My third reason...grows out of my experience in the ghettos of the North over the last three years—especially the last three summers. As I have walked among the desperate, rejected, and angry young men, I have told them that Molotov cocktails and rifles would not solve their problems. I have tried to offer them my deepest compassion while maintaining my conviction that social change comes most meaningfully through nonviolent action; for they ask and write me, "So what about Vietnam?" They ask if our nation wasn't using massive doses of violence to solve its problems to bring about the changes it wanted. Their questions hit home, and I knew that I could never again raise my voice against the violence of the oppressed in the ghettos without first having spoken clearly to the greatest purveyor of violence in the world today: my own government. For the sake of those boys, for the sake of this government, for the sake of the hundreds of thousands trembling under our violence I cannot be silent.To which Walker adds
Been a lot of applauding over the last few years. They applauded our total movement; they've applauded me. America and most of its newspapers applauded me in Montgomery. And I stood before thousands of Negroes getting ready to riot when my home was bombed and said, "We can't do it this way." They applauded us in the sit-in movement—we nonviolently decided to sit in at lunch counters. The applauded us on the Freedom Rides when we accepted blows without retaliation. They praised us in Albany and Birmingham and Selma, Alabama. Oh, the press was so noble in its applause, and so noble in its praise when I was saying, "Be nonviolent toward Bull Connor"; when I was saying, "Be nonviolent toward Jim Clark." There's something strangely inconsistent about a nation and a press that will praise you when you say, "Be nonviolent toward Jim Clark," but will curse and damn you when you say, "Be nonviolent toward little brown Vietnamese children."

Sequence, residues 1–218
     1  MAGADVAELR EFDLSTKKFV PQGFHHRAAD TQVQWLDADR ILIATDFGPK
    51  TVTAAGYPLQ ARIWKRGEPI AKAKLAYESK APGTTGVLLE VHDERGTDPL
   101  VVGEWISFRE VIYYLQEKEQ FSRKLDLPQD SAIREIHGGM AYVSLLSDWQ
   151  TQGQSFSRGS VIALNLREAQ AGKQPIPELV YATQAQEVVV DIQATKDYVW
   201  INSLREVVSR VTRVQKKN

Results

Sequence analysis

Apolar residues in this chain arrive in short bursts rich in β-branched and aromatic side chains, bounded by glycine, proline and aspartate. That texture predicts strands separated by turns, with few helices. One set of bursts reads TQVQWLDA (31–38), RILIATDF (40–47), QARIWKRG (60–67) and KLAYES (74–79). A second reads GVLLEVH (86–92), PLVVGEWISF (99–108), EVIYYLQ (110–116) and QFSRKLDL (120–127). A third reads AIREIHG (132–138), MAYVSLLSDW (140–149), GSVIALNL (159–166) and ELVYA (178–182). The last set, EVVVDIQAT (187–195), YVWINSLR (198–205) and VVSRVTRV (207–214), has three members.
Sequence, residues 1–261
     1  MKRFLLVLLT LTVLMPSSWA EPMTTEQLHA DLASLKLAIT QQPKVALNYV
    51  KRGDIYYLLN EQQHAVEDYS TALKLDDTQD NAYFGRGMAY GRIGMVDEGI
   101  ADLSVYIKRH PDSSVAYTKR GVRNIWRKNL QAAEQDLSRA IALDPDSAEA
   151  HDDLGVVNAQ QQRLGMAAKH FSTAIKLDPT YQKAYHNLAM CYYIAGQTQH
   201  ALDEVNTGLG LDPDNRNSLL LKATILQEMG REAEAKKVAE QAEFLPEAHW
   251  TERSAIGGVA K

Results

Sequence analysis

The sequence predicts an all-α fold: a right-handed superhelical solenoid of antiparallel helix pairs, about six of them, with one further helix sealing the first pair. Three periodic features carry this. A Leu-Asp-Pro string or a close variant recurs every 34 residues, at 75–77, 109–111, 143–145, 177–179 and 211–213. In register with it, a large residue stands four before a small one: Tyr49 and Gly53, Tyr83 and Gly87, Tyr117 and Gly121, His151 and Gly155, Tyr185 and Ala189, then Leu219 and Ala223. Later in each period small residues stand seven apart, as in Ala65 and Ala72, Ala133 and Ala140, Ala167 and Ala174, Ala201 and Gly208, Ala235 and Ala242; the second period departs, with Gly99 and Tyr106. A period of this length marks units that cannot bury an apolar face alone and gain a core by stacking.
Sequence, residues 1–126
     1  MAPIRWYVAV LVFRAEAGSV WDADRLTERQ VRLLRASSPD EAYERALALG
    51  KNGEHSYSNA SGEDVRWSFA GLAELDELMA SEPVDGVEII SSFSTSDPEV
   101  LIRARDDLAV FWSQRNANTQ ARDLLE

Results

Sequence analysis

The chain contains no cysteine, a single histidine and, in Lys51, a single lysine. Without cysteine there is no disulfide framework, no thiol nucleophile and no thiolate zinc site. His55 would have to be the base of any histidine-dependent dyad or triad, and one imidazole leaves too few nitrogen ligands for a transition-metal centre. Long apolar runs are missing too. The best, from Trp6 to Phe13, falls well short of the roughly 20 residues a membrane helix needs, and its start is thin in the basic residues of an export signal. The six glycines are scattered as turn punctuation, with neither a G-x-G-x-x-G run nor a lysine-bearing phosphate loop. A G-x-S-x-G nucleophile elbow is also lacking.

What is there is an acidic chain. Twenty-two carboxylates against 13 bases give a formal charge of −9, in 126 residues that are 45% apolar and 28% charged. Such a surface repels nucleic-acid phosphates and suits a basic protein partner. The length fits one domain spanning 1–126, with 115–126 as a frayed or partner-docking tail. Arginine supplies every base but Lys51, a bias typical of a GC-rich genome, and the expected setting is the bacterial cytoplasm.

King had more than one worthy dream.Well, perhaps. But the dream here is of a Communist victory and American defeat in Viet Nam. The question wasn't whether the US would be "nonviolent toward little brown Vietnamese children" but whether it would continue to protect the men, women, and children of the late Republic Of Vietnam, from the Communist guerrillas and invading armies of Communist North Vietnam, none of whom were practitioners of Gandhian non-violence.
This is what led King to be known as pro-Communist, and is part of the reason so many people objected to the creation of a National Holiday in his name. [See The King Holiday and Its Meaning, by the late Sam Francis, for the history of this.] One of the things that shocked James Kirchick of the New Republic was the fact that a Ron Paul letter described Dr. King as""a comsymp, if not an actual party member..." Perhaps Kirchick, who just graduated from Yale, and is practically an infant, simply didn't know that this was in fact the case.
In the thousands of words of praise for Dr. King that are spoken in American schools, the words "pro-Communist" won't appear, but that's what King's dream was for Viet Nam.—and to a certain extent, for America, too.